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DFL: an interview with Monty Messex of LA punk legends Dead Fucking Last

Fresh off their new single release on SBÄM and Say-10 Records (stream below), hardcore punk legends DFL (Dead Fucking Last) join us today with a speical interview, conducted by Josh Goldman of Rad Girlfriend Records, Raging Nathans, and Dopamines.

YRUDFL is the first track from DFL‘s upcoming EP on Say-10 Records and SBÄM Records. It was produced by Greg Hetson. It is the first major release since “Grateful”, which was released on Epitaph in 1997. DFL previously toured with Rancid, NOFX, Sick Of It All, Suicidal Tendencies and many many more. They also released their first record on Grand Royal, the label of the Beastie Boys.

July last year marked the 25th anniversary of DFL’s Proud to Be LP. “When the album was originally released, the band had just migrated from the Beastie Boys’ Grand Royal label to Epitaph, and were ready to cut an album that, while quickly recorded, became one of their definitive statements.”- comments PunkNews in their recent feature & interview (check it out HERE). “Released at the height of pop punk slickness, Proud to Be was a rough, raw, ragged hardcore record. While it threw back to the damaged geniuses of the late ’70s and early ’80s, the record sounded distinctly fresh when it was released. The strange thing is that the record rocks so hard that it sounds timely, or even timeless today.”

An interview with Monty Messex (guitarist and vocalist for DFL), conducted by Josh Goldman.

First off, I just want to say that I feel highly under qualified for this. You guys should be interviewed by fucking Nardwuar because there is so much history behind your band. But I’m going to do my best. Lets give it a shot!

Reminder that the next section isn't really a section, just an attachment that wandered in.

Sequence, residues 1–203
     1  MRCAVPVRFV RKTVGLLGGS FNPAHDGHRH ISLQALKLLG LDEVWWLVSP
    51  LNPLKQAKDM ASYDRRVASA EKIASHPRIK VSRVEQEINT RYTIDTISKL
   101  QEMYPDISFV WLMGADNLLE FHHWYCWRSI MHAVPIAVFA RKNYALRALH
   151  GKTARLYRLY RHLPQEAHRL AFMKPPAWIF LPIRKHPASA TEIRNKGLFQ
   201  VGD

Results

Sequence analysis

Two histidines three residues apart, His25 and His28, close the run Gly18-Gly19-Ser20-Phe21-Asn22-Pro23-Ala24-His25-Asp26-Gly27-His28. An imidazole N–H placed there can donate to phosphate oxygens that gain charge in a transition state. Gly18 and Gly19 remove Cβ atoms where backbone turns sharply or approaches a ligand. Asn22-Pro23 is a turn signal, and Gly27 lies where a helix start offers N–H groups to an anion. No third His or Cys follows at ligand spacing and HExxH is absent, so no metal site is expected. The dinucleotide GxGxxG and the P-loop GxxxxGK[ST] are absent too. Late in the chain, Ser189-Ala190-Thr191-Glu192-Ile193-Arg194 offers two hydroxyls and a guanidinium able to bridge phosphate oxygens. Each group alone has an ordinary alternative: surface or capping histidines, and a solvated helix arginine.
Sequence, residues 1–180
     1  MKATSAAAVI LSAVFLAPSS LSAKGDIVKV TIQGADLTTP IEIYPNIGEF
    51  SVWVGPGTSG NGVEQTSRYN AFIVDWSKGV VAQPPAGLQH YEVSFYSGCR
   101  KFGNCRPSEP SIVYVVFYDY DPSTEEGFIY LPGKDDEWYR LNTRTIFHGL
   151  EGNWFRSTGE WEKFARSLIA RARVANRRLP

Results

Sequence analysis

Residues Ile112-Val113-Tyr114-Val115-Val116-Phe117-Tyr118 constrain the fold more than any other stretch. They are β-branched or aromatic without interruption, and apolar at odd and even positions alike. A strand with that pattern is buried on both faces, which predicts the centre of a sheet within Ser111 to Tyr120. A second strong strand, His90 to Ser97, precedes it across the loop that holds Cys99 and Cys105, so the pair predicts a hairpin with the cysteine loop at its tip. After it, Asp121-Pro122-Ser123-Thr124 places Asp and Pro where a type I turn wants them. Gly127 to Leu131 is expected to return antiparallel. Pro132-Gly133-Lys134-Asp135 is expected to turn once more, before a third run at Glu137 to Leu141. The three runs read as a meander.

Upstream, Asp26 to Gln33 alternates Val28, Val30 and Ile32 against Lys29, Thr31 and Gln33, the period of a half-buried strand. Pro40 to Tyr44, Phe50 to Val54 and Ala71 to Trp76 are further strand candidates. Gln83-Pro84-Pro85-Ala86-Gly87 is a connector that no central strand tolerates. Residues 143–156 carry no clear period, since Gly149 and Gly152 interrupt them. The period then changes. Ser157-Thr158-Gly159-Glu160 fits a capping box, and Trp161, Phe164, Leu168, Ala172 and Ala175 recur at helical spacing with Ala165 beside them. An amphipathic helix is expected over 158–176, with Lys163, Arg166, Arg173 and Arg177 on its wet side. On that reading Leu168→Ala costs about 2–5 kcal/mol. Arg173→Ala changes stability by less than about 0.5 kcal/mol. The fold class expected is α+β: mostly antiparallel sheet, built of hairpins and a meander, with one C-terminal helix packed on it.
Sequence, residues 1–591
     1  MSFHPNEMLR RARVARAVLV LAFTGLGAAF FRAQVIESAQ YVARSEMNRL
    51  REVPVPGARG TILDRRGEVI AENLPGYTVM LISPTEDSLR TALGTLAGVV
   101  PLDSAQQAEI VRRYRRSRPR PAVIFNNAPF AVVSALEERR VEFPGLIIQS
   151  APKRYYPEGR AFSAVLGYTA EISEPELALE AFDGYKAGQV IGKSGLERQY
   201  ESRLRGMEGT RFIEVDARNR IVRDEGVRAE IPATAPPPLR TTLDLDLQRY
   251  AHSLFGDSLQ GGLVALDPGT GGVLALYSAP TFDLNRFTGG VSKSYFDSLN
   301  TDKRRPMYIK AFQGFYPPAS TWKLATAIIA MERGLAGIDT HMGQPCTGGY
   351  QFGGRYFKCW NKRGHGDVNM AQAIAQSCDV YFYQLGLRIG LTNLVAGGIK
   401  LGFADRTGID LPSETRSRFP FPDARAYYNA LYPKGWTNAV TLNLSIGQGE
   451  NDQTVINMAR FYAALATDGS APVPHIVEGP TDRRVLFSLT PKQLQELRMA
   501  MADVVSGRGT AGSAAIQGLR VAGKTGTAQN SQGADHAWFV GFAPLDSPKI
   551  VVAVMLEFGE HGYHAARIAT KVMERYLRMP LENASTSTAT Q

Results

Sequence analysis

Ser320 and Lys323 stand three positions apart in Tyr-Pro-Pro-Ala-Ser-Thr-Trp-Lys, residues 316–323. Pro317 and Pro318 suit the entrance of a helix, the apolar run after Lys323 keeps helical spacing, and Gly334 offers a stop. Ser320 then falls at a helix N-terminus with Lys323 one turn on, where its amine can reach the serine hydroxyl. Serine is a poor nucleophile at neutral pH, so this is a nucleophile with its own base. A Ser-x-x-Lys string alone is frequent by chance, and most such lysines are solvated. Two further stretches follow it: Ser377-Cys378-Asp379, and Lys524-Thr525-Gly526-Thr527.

Thanks for having me. Oh, Tom is training for an underwater-karate-surfing match and is currently incommunicado. That match will be broadcasted live on TikTok, if you wanna check it out.

Anyway, let’s do this!

You guys just released your new single “YRUDFL” on Say-10 Records and SBAM Records. Your first releases were on Grand Royale, followed by records on Epitaph. When DFL got back together, what was your experience like trying to navigate an industry that has changed so much in the last 20 years?

A lot of things changed since I was last at it. For one, the internet pretty much reshaped the music biz. But even so, I’ve found the punk scene is alive and amazing these days, and probably bigger than ever.

Brett Gurewitz from Epitaph was really cool and supportive. He’d always take my calls and provide guidance. He was down to do a 20th anniversary release of Proud To Be. Thx, Mr. Brett!

DFL has gone through some line-up changes over the years including members of the Beastie Boys, Suicidal Tendencies, Minor Threat and Union 13. Was having different members in the band, especially dudes of that pedigree, something that was helpful in terms of keeping things fresh in the band or did it hinder you in any way, like constantly having to rehearse old material instead of being able to focus on writing new stuff?

For some reason we’ve had a revolving line up of bass players and drummers. Not sure why, but I’m stoked to have worked with some amazing musicians over the years. That said, it’s a lot of work teaching people the set. Our songs are short and may seem simple, but playing them right is fucking hard. The guys we’re playing with now are great. Edgar was in Union 13 and Adam was in Narcoleptic Youth. Both dudes are excellent musicians and super nice dudes to boot.